Christopher Masterson’s star of fame was born on the show Malcolm in the Middle, as Malcolm’s older brother. His acting career other than that has not been in the A-List spotlight, however, I found him leading the cast of the film Waterborne and decided: let’s see about this guy’s talent. Unfortunately the camera ate him; I’ll explain in a second.

Ben Rekhi wrote this low budget film and made it his directorial debut. It is a story about a biological attack on the Los Angeles water system forcing people to avoid drinking water until the government clears it. In a branching path following several different people, ala “Crash” (not the NC-17 sex in cars thing, but the Oscar winning racial thing), and their struggles coping within the crisis and the changes it has brought to their neighborhood; or attributes not changed though amplified publicly, such as an undercurrent of racism.

The actors all do a fine job of acting in the film and seem more like real people than say if Tom Cruise and Vin Diesel were to have stepped in front of the cameras and said they were thirsty. However, the camera seemed almost like a killer from a stalker movie out to eat the brains of the stars, always zooming in all shaky-like. The widescreen version of the film looks like a full screen version and I could only guess that full screen would have us up Masterson’s nose parting through the hairs to Boogertown. Action sequences are handled in a similar fashion, blocking most of the view.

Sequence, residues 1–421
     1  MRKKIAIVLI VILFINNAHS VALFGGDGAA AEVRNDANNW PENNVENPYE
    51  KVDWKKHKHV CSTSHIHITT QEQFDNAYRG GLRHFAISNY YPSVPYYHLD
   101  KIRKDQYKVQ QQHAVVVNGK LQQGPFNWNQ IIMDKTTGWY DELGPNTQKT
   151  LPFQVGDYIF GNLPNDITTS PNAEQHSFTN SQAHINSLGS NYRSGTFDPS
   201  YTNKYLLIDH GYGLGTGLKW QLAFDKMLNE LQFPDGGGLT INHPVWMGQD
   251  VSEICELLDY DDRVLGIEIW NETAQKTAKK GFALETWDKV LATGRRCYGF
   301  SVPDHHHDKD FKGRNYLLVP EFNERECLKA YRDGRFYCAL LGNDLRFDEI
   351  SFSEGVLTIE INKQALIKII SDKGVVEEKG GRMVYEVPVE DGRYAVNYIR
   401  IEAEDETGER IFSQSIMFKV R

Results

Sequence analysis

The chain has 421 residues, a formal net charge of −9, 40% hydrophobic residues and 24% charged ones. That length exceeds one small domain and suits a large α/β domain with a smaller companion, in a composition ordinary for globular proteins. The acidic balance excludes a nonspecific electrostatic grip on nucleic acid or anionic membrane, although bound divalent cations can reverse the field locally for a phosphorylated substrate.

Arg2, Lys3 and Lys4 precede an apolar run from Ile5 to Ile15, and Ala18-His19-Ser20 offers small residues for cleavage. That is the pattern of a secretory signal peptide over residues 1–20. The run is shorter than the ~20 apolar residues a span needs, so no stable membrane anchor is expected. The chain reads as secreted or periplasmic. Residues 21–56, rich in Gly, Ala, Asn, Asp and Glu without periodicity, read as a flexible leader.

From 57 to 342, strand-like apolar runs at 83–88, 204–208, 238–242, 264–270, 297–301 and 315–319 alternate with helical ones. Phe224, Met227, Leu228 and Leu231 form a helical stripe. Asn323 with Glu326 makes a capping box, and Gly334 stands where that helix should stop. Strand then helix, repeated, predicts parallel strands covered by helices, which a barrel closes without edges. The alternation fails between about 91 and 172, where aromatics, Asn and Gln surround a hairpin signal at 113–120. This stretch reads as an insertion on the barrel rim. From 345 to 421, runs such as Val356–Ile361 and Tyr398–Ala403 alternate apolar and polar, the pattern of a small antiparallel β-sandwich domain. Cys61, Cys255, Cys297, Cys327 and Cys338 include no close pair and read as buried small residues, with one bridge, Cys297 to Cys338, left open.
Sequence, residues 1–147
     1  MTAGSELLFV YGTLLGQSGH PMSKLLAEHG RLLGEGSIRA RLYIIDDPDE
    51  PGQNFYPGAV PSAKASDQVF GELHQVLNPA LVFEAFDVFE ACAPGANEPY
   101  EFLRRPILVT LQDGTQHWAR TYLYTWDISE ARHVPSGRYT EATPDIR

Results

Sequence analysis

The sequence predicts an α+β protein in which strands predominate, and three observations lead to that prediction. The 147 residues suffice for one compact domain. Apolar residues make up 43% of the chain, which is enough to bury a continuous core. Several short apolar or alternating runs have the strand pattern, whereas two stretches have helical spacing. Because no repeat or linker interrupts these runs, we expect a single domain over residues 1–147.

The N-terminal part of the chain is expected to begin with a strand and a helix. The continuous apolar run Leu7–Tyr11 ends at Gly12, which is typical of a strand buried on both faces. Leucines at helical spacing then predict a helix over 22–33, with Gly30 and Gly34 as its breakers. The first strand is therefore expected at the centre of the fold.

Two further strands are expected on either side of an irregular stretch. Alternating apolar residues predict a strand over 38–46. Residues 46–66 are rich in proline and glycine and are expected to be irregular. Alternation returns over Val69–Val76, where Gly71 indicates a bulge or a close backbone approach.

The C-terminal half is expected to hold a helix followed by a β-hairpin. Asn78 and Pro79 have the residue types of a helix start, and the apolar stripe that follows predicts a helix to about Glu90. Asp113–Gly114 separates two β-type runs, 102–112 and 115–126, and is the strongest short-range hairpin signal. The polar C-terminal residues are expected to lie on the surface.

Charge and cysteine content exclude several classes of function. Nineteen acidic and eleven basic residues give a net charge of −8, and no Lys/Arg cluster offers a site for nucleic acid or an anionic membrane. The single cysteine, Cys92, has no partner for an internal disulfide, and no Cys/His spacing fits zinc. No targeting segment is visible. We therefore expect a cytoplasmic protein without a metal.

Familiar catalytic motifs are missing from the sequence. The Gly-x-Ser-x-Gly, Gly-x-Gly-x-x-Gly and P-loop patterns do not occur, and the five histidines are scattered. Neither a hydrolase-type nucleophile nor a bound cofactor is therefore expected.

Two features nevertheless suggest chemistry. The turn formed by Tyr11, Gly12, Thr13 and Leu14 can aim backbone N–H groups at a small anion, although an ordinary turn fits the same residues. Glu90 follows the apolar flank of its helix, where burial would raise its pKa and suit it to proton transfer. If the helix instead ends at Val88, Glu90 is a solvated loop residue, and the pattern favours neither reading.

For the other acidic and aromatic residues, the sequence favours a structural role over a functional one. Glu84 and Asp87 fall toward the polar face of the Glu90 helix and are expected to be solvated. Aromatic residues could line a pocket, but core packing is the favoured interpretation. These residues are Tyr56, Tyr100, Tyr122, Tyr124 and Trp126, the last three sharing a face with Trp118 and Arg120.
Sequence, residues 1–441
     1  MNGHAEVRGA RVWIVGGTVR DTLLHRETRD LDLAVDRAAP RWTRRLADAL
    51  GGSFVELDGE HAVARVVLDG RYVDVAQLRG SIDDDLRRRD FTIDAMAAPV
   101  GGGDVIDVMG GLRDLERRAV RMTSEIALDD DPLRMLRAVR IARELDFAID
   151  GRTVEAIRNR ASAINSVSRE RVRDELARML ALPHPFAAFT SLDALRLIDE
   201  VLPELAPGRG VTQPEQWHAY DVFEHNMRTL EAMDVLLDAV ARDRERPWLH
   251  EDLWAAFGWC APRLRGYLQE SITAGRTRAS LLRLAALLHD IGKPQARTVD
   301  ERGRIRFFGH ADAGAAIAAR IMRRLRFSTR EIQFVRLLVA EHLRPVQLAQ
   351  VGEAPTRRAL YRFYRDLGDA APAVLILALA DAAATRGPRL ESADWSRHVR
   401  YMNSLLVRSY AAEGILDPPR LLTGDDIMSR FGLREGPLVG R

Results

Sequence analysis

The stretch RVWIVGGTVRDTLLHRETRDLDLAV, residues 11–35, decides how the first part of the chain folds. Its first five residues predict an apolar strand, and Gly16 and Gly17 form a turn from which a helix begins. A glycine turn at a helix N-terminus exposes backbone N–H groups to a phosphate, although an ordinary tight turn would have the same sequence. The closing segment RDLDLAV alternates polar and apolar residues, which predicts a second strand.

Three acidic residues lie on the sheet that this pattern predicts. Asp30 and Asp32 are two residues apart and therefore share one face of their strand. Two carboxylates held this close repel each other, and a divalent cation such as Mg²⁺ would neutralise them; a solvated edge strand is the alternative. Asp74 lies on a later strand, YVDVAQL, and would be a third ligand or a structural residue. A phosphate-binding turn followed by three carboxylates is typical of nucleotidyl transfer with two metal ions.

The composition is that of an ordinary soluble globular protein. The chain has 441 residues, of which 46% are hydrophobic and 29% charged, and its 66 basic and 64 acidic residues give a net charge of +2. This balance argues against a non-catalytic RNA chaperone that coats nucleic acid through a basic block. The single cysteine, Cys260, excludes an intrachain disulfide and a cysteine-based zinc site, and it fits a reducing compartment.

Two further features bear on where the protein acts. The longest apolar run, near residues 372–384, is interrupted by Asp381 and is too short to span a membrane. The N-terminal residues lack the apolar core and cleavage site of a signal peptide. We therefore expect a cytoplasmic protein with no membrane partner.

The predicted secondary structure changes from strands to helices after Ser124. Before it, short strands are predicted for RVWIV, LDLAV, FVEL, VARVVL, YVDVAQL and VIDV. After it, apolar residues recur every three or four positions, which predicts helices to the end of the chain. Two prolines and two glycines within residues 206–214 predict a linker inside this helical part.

Unlike Crash this film fails to achieve the sense of discovery that was present with the Oscar winning story. The paths do not weave together in any entertaining or meaningful way and nothing is really learned about the human condition, at least nothing exploratory or new; or at least feeling new and interesting. The scenario with the water is probably quite laughable to those who live in high drought regions, seeing as the characters in the film are going stark raving mad after just a couple of days with out water. Heck, I tend to drink canned soda almost every day, bad on the teeth and tummy, but if the tap water wasn’t flowing it would sustain me.

Masterson has a friend in the film who when introduced is a pot smoking, laid back sort of fellow who distrust the government and isn’t buying into the water scare. On top of that he states he would rather go live in Mexico and that we as a country probably deserve this sort of happening due to us always hurting other nations. Then he leaves the apartment and while sitting in traffic begins making fun of an Arab/Indian looking man with racist humor involving his headwear. The character’s actions contradict who he was set-up to be even further as the film progresses almost wondering if someone did a script swap in the middle of filming, unless we are to buy into that a day without water has given him an immediate character arc downward. To top it off when he was making fun of the man’s ethnic headwear, asking if it was hot under it, he himself was wearing a stocking cap that was probably just as warm.

The other weird thing to me was: why were the national guard members sleeping together at night, as in right on each other sharing sleeping bags?

The camera shots and angles can be forgiven, it is a low budget film and it was a risk for someone to have invested in. The acting is done well, but none of it is believable to me and the overall package is a dud. Some risks aren’t worth taking, like drinking water in Mexico, and some movies involving water aren’t worth watching.